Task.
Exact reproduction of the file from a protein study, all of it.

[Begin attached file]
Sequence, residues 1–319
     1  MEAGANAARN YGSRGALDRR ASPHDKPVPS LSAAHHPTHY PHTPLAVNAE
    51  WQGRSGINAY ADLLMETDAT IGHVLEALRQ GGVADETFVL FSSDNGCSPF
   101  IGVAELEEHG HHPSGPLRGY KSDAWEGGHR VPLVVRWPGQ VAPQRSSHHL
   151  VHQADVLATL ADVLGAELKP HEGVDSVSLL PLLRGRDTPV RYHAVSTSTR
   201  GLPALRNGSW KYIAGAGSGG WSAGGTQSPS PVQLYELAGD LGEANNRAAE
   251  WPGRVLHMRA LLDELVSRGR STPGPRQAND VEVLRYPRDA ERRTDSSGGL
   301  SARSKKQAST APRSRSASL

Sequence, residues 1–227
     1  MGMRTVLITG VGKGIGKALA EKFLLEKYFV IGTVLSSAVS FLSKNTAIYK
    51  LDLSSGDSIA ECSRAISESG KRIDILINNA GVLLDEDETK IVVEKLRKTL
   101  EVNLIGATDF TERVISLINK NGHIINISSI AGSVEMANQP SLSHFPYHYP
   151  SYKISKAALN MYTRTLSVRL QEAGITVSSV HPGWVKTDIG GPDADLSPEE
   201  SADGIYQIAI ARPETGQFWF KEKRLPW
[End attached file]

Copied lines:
Sequence, residues 1–319
     1  MEAGANAARN YGSRGALDRR ASPHDKPVPS LSAAHHPTHY PHTPLAVNAE
    51  WQGRSGINAY ADLLMETDAT IGHVLEALRQ GGVADETFVL FSSDNGCSPF
   101  IGVAELEEHG HHPSGPLRGY KSDAWEGGHR VPLVVRWPGQ VAPQRSSHHL
   151  VHQADVLATL ADVLGAELKP HEGVDSVSLL PLLRGRDTPV RYHAVSTSTR
   201  GLPALRNGSW KYIAGAGSGG WSAGGTQSPS PVQLYELAGD LGEANNRAAE
   251  WPGRVLHMRA LLDELVSRGR STPGPRQAND VEVLRYPRDA ERRTDSSGGL
   301  SARSKKQAST APRSRSASL

Sequence, residues 1–227
     1  MGMRTVLITG VGKGIGKALA EKFLLEKYFV IGTVLSSAVS FLSKNTAIYK
    51  LDLSSGDSIA ECSRAISESG KRIDILINNA GVLLDEDETK IVVEKLRKTL
   101  EVNLIGATDF TERVISLINK NGHIINISSI AGSVEMANQP SLSHFPYHYP
   151  SYKISKAALN MYTRTLSVRL QEAGITVSSV HPGWVKTDIG GPDADLSPEE
   201  SADGIYQIAI ARPETGQFWF KEKRLPW